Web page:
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Ok, Martha Stewart and I are not on speaking terms right now. I tried the chocolate pistachio cookies yesterday. The cookie dough is unpipeable. The filling is waaaay too much for a yield of 15 cookies and too loose, although it tastes yummy. The cookies once baked don't have a nice texture either. Anyone else make these? http://www.marthastewart.com/recipe/chocol...stachio-cookies

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In the plastic bags to the right of the checkerboard cookies are lime snowdrops. I loved those, they made my tastebuds smile.

I love lime cookies. Can you post your recipe for the Lime Snowdrops?

Late to the party, but if you like lime cookies, try these: Lime Cilantro Cookies. Very good, they keep and ship very nicely, as well.

Susan Fahning aka "snowangel"
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Ha! That's exactly how I felt about Martha and her gingersnap palmiers! What a waste of money and time. I don't go anywhere near cookies that involve piping. Bad experience with spritz cookies years ago. Did you use the dip and sweep method to measure the flour? Maybe the dough was too stiff because there was too much flour?

Ok, Martha Stewart and I are not on speaking terms right now.  I tried the chocolate pistachio cookies yesterday.  The cookie dough is unpipeable.  The filling is waaaay too much for a yield of 15 cookies and too loose, although it tastes yummy.  The cookies once baked don't have a nice texture either.  Anyone else make these?  http://www.marthastewart.com/recipe/chocol...stachio-cookies

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Rickster,

My cookies turned out so-so. They don't have the boozy taste to them (as you reported) but they also don't have the shortbread-y texture that I would have liked. They didn't spread too much but didn't keep the lovely shape that's shown in the book. My theory is that I didn't drain the currants enough. The dough was very wet for a cookie dough. I actually like them and will probably give them another try next year.

Oh, that's disappointing to hear. I had high hopes for these cookies. I'm baking them off tonight. I made the dough and popped it in the freezer yesterday. I think I may have messed up the recipe. The dough seemed very wet to me and it's probably because I didn't drain the currants enough. Will report back later on tonight.

I found my dough to be very wet also, which is what led me to think I made a mistake with the recipe, either not enough flour or my butter was too warm.

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For Christmas this year, I decided to make cookie packages based on the theme of nostalgia. I baked all the items below and packaged them into gift boxes (cookies stacked in liners, separately packed) or food-safe flat bottom gift bags. Some of the recipes for the items below can be found at their respective links.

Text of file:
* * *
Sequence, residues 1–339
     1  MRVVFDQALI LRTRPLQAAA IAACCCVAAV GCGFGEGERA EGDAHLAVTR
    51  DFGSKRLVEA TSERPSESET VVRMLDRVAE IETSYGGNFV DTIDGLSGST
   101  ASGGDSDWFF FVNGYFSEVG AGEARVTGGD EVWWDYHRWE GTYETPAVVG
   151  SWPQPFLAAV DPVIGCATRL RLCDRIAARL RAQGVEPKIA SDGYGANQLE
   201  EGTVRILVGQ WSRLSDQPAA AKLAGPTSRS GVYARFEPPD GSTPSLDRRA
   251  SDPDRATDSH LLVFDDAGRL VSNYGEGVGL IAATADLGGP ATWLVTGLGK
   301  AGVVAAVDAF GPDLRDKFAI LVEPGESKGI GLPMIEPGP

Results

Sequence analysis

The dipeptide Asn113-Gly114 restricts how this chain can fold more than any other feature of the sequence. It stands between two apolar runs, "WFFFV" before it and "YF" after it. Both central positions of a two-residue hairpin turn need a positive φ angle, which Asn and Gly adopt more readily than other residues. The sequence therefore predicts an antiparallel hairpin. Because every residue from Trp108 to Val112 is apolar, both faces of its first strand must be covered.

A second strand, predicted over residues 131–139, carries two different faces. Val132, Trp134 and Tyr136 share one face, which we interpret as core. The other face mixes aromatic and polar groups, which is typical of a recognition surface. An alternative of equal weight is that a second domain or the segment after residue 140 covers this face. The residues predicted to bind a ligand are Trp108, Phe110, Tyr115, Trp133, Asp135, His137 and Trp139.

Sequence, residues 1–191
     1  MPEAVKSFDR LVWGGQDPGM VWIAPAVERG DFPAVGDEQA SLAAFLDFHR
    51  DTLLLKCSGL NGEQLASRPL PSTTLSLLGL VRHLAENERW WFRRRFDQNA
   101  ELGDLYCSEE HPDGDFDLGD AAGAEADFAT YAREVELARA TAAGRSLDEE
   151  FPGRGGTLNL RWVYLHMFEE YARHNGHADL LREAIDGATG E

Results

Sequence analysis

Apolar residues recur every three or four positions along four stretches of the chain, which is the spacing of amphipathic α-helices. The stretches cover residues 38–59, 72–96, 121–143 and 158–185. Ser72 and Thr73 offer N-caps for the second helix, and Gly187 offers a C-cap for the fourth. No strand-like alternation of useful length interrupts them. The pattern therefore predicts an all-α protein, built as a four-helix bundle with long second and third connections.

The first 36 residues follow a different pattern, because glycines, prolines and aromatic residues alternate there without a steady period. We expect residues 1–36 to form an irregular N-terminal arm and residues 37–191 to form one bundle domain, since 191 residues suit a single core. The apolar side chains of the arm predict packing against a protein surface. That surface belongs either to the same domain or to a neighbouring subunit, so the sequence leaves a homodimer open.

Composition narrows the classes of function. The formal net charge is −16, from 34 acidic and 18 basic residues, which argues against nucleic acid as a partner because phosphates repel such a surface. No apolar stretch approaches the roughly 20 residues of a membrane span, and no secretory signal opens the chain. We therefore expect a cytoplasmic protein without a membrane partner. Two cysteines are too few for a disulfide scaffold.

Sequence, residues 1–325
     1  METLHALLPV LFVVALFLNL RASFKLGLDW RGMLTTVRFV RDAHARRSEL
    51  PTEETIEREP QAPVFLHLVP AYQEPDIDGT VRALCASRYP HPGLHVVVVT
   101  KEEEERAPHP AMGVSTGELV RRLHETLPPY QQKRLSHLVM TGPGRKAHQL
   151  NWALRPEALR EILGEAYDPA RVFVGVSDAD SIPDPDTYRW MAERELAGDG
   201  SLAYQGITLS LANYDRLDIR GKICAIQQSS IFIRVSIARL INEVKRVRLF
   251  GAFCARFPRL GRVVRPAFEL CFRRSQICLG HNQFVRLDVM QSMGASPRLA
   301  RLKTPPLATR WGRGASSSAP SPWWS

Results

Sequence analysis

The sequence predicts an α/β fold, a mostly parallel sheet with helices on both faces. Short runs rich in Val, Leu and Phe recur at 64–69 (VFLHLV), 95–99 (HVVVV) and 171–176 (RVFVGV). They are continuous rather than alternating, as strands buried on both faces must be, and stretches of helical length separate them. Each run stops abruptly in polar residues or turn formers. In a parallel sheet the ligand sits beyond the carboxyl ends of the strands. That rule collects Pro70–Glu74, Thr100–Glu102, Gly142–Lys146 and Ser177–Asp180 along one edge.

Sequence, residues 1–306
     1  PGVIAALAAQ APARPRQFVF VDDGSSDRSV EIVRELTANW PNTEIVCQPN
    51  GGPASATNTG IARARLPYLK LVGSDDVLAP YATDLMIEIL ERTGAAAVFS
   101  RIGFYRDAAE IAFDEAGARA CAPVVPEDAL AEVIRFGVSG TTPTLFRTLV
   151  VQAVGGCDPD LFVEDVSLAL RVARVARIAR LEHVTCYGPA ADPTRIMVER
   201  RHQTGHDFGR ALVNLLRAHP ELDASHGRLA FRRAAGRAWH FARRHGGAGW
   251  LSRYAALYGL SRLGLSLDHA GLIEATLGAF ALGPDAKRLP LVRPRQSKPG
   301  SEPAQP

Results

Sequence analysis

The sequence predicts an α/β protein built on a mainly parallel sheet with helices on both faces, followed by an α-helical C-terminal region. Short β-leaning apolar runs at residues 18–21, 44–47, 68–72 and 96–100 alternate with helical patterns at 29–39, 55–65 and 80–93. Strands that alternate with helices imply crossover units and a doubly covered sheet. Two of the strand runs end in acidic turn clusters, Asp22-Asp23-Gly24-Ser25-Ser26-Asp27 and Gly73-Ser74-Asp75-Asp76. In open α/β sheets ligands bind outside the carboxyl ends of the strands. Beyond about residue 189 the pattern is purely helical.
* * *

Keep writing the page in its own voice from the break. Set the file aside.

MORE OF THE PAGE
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Old-Fashioned Christmas Butter Cookies from Gourmet's website.

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Brown Sugar Ginger Crisps from Gourmet's website.

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Swedish Ginger Thins from Gourmet's website.

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Spritz Cookies.

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Martha Stewart's Chewy Molasses-Spice Cookies.

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Coconut Chocolate Chip Cookies from Pichet Ong's The Sweet Spot.

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Brandy Balls based on Gourmet's Bourbon Balls.

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Palets de Dames based on the recipe from Gourmet's website.

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And the non-cookie: Maple Sugar Cashew Chocolate Cupcakes.

Christmas packages from previous years can be found in the following links: 2007, 2006, 2005

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I haven't made Christmas cookies since forever, but last week my next-door neighbor/landlady/friend brought me some Viennese Crescents. I thought I had died and gone to heaven.

So now I have made them twice and to add a further decadent touch, decorated them liberally with 63% chocolate swirls, stripey things and such.

I feel like the cat who ate the canary. :laugh::laugh::laugh: This new life of baking and make confections is sure a lot more fun than my former research career. :wub:

Darienne

 

learn, learn, learn...

 

Life in the Meadows and Rivers

Cheers & Chocolates

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Ha!  That's exactly how I felt about Martha and her gingersnap palmiers!  What a waste of money and time. 

Sugar Plum,

I tried Martha's gingersnap palmiers this year too. I made a homemade puff which expanded beautifully but all the palmiers unfurled in the oven so they came out looking like giant 'C's rather than elephant ears. They tasted great but looked nothing like the picture in her book.

Ed